740.00119 (Potsdam)/5–2446

No. 605
Briefing Book Paper
top secret

Form of Soviet Military Participation

(1) operational zones

(a) Japanese Islands

This Government has adopted the policy that, for purposes of prosecuting the war and for military government, the Central Pacific Area and Japan come under the jurisdiction of the United States. Moreover, the military operations against the islands of Japan must be largely amphibious in character, requiring special equipment and familiarity with a special technique. The United States forces have developed this equipment and technique to a much higher degree than have the forces of any of the other nations at war with Japan. For these reasons, the Japanese islands should be primarily, but not exclusively, the American zone of operations. For political reasons it seems advisable that units from those countries actively at war with Japan, including Asiatic countries, participate in the combat operations, provided such participation is not prejudicial to the effectiveness of military operations.

(b) Manchuria, Mongolia and North China

It would appear that operations against the Japanese on the Asiatic mainland, exclusive of Korea, will be primarily land operations with air support—a type of warfare with which the Soviet forces are thoroughly familiar and for which they are well equipped. Moreover, geographical and logistic reasons would indicate that operations against the Japanese armies in the areas mentioned will be carried out principally by Russian forces, unless the Chinese are able to bring their forces into the areas. This part of the Asiatic mainland should therefore be considered as primarily a Russian zone of operations, although for political reasons it appears advisable that contingents from other Allied nations at war with Japan participate in the combat operations.1

[Page 925]

(c) Korea

Military operations in Korea may combine landings from the sea and overland invasion from Siberia. For this, and for political reasons, it would appear desirable that Korea be considered a combined zone of operations, probably under a single Allied command.

(2) mixed contingents under allied command, especially in japan

(a) Japanese Islands

Politically it appears advisable to demonstrate to the Japanese people (1) that their aggression has brought down on them the armed and active opposition of the greater part of the world; (2) that the solidarity of the United Nations is a fact; and (3) that the Pacific war is not a racial war. For these reasons it seems desirable that units from those United Nations actively at war with Japan, including Asiatic countries, participate in the combat operations against Japan, provided such participation is not prejudicial to the effectiveness of military operations, and further participate in the occupation of Japan following unconditional surrender or total defeat. Such participation may be by token forces or effective combat units, but should not be so large as [not?] to operate under the command of the American theater commander.

Soviet approval of this general plan and agreement to participate therein are desirable.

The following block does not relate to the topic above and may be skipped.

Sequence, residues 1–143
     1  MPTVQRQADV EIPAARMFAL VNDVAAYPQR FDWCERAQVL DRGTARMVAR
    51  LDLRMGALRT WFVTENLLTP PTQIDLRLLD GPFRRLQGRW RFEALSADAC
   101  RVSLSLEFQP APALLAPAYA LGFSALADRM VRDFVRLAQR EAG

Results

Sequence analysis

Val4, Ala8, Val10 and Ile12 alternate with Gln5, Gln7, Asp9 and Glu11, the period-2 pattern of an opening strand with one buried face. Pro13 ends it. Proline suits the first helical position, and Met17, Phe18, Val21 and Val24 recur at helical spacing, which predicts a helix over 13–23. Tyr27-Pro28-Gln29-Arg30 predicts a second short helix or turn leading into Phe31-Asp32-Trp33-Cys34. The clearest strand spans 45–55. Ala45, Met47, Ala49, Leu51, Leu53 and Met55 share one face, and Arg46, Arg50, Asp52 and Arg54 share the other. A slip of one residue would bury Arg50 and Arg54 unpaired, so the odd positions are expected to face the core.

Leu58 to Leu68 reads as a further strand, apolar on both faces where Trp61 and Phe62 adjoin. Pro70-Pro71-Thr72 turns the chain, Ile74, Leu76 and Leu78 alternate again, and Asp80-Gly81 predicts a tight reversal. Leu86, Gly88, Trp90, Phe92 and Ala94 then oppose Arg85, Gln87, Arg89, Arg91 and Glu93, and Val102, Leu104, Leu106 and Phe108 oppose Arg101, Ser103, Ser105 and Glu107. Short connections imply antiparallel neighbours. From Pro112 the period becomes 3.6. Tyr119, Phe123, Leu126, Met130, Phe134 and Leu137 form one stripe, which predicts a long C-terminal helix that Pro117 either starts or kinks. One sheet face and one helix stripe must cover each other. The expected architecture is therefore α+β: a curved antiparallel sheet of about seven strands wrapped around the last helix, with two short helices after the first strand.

(b) Manchuria, Mongolia and North China

While the areas listed will undoubtedly fall within the Soviet zone of operations, to remove any possible source of suspicion and distrust it would seem advisable that the Soviet commander of the theater of operations invite the participation in combat operations of American and other Allied contingents, on much the same basis as the suggested Soviet participation in the American zone of operations.

(c) Korea

Various countries, especially China, the Soviet Union, Great Britain and the United States, have an interest in Korea, either because of common frontiers or because of Korea’s strategic position, which vitally influences the peace and security of the Far East. No one of these countries would wish to see any one nation acquire a predominant position in Korea. Moreover, three of the countries, the United States, Great Britain and China, are committed to the principal [principle] that “in due course Korea shall become free and independent”2 and therefore cannot consent to conditions which would prejudice Korea’s development toward freedom and independence. [Page 926] Furthermore, the Koreans themselves, having been once conquered and enslaved, are extremely suspicious of the intentions of other nations and probably would be hostile to the forces of any single country operating within Korea. For these reasons it is considered politically inadvisable for any one of the interested countries alone to invade Korea for the purpose of driving out the Japanese. If it is militarily feasible, therefore, it is believed advisable that the invading forces be composed of units from the various interested countries, under a single over-all Allied command.

  1. With reference to this paragraph and paragraph (c) on p. 925, cf. the section on “international implications” of a paper of July 5, 1945, entitled “The Chinese Communist Movement”, prepared in the War Department and circulated to the White House and the Department of State, among other recipients. Text in Institute of Pacific Relations, Hearings Before the Subcommittee To Investigate the Administration of the Internal Security Act and Other Internal Security Laws of the Committee on the Judiciary, United States Senate, 82d Congress, 1st Session, pt. 7A, pp. 2308–2310.
  2. See document No. 606.